The heat, the dragon and the dwarves
Imagine here an illustration of someone sweating or a picture of a blazing sun*
It has been rather hot in the part where I live lately and it's making my brain work rather slowly. I barely write anything and I tend not to touch anything too brainy. Sorry to the people I usually interact with! Hopefully I'll get over it... or you'll see me again in September :|
* I was going to have a public domain picture of it here but it's apparently hard to find. I might start drawing quick doodles to illustrate my posts when the Internet fails me so.
In the mean time, I have gone back to the Dragon's Lair series after an old friend of mine came for a visit and we shared a few bits about the game. I've first played the series on the Amiga adaptation and it was quite something at the time, seeing what looked like an interactive cartoon on "just" a computer. And I've learned now that it was indeed quite the technical feat too.
Dragon's Lair Amiga version
I also played the sequel, "Dragon's Lair: Escape from Singe's Castle" (funny title considering "singe" means monkey in French :p -- it's actually the dragon's name I think?), "Space Ace" (similar concept but in space), and "Dragon's Lair 3". I missed "Dragon's Lair 2", I'm not sure why... Given the room on the floppies of then, each of the original arcade games had to be split into two games, hence the four Dragon's Lair games on Amiga in the end.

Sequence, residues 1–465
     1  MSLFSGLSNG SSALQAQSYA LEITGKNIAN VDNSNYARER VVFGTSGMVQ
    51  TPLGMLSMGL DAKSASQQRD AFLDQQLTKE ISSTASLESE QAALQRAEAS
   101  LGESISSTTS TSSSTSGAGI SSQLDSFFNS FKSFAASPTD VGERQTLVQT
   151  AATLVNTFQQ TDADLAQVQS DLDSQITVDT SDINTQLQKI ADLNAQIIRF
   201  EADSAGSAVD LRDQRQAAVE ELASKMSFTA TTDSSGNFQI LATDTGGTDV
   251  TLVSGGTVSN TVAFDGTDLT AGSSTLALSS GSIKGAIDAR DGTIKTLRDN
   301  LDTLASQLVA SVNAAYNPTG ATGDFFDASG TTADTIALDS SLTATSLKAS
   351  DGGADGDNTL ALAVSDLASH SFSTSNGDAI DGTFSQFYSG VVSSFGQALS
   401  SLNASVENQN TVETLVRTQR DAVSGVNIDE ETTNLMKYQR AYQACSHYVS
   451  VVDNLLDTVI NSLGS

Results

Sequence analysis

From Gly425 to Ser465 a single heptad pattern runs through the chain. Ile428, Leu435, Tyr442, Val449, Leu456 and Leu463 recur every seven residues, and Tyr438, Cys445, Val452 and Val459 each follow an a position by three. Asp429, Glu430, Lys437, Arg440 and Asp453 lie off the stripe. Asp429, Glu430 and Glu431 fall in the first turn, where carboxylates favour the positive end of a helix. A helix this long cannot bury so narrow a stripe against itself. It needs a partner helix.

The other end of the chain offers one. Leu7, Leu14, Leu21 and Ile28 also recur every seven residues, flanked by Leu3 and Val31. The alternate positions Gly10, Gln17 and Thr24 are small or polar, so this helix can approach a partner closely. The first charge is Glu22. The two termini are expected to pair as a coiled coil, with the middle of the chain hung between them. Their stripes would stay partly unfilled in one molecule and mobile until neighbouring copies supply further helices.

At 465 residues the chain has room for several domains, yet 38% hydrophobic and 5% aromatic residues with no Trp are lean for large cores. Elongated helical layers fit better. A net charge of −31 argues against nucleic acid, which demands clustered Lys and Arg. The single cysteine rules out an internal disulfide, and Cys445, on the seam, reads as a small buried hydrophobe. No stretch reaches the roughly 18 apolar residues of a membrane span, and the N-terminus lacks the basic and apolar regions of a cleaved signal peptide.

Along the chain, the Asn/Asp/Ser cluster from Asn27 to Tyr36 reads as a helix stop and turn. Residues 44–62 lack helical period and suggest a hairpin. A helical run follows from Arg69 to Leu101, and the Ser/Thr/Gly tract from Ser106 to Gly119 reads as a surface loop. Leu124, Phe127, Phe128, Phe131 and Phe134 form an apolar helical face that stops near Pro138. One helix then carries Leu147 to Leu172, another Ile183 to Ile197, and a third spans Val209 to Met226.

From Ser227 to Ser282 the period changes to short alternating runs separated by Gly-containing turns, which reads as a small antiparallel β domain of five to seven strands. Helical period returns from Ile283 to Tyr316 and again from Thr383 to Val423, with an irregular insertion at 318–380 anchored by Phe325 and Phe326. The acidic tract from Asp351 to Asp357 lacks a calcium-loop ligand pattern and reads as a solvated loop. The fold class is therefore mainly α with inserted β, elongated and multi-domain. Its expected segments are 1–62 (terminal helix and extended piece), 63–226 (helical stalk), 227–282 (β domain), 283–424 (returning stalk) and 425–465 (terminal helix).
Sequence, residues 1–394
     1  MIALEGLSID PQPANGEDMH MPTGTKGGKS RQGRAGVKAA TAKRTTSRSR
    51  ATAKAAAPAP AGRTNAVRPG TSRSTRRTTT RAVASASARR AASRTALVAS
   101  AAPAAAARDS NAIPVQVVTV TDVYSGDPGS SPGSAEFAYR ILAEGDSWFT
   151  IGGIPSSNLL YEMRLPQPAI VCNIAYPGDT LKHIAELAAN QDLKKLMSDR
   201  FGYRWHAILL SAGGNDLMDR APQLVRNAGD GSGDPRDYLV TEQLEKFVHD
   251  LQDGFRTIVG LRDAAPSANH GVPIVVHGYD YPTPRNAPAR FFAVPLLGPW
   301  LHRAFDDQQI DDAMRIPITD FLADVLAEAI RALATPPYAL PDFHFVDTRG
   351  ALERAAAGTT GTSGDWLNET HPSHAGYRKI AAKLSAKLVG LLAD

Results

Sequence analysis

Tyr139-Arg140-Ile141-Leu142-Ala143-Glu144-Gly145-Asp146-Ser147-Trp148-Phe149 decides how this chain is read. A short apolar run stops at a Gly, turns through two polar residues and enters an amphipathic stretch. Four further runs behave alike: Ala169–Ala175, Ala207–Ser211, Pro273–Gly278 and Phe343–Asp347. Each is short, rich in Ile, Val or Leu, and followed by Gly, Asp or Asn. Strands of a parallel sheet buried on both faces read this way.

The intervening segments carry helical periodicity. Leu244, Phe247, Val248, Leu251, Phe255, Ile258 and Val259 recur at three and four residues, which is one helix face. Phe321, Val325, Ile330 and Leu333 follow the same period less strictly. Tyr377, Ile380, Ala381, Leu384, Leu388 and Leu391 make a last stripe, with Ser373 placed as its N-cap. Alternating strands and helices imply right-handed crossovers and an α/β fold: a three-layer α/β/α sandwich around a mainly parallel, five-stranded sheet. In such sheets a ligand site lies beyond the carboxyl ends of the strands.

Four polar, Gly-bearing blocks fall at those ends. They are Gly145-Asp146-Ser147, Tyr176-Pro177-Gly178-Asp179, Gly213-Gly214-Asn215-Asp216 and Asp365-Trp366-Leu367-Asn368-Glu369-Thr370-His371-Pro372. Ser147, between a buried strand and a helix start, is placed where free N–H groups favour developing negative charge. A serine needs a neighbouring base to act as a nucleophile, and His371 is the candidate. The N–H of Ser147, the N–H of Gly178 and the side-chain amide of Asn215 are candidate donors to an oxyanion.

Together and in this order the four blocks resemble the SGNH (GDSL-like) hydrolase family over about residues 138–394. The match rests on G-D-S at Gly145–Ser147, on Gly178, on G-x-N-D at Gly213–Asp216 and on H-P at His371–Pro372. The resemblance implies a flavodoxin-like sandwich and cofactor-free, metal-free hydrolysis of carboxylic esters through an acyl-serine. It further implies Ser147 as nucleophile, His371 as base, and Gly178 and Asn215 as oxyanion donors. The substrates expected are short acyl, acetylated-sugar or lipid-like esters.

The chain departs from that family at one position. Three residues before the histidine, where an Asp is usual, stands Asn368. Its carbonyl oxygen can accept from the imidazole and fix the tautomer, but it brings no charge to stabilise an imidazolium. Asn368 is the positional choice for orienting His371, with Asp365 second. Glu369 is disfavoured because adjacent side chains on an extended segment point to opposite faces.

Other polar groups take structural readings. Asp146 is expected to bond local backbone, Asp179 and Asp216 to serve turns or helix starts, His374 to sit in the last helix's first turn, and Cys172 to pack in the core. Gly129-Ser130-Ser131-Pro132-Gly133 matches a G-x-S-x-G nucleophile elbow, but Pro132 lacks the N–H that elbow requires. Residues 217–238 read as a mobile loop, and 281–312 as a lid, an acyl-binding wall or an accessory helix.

Edit note : having watched a video of DL1 just now, I come up with two things to say : "oh the bastards!" and "still, good job". "Oh the bastards!" because the game cost about $150 at the time, and lasted about 7 minutes (loading times excluded, on a perfect run) and, the worst part maybe, doubled *every* scene except the finale. How cheap is that? ^^;... "Still, good job" because I'm still amazed this ran on an Amiga and how accurate they made it on some scenes (thankfully, the most important ones)
But originally, there were two DL games and one Space Ace game, which I only discovered years later through their CD-I versions, which, thanks to the Digital Video component of the console, were actually the same as the original arcade (at least in relative video quality).
So how did the arcade look and how did the games play? Well the following video will explain it better :
Edit note : unless I'm mistaken, the moves they give are total nonsense most of the time. Was it to explain how it work without actually giving the solution? Who knows... They also show the end of the game, which is... well... would be a spoiler if the game itself wasn't so cliché to begin with. In any case, I'm pretty sure the only ones actually interested in playing the game already did uh? (somewhat invalidating my post too, yay!)
Also, "proper" TV hosts in costume playing Dragon's Lair is..... mildly amusing *giggles*.
Do note how it came out not long after Space Invaders and Pacman. Gosh, what a shock it must have been at the time! That's quite the technical prowess! It even took years before the CD support took hold of the game genre and before we got games using full video such as Phantasmagoria (at least it's one of the first games I remember going for the movie feel, but my memories might be hazy on that one).